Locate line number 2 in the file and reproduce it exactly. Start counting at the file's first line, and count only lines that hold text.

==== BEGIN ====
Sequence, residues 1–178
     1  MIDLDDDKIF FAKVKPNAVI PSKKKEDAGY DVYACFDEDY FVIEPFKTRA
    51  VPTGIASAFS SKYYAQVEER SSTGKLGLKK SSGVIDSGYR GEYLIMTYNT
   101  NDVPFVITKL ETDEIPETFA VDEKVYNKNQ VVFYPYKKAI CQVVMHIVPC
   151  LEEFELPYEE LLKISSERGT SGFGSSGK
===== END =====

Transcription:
     1  MIDLDDDKIF FAKVKPNAVI PSKKKEDAGY DVYACFDEDY FVIEPFKTRA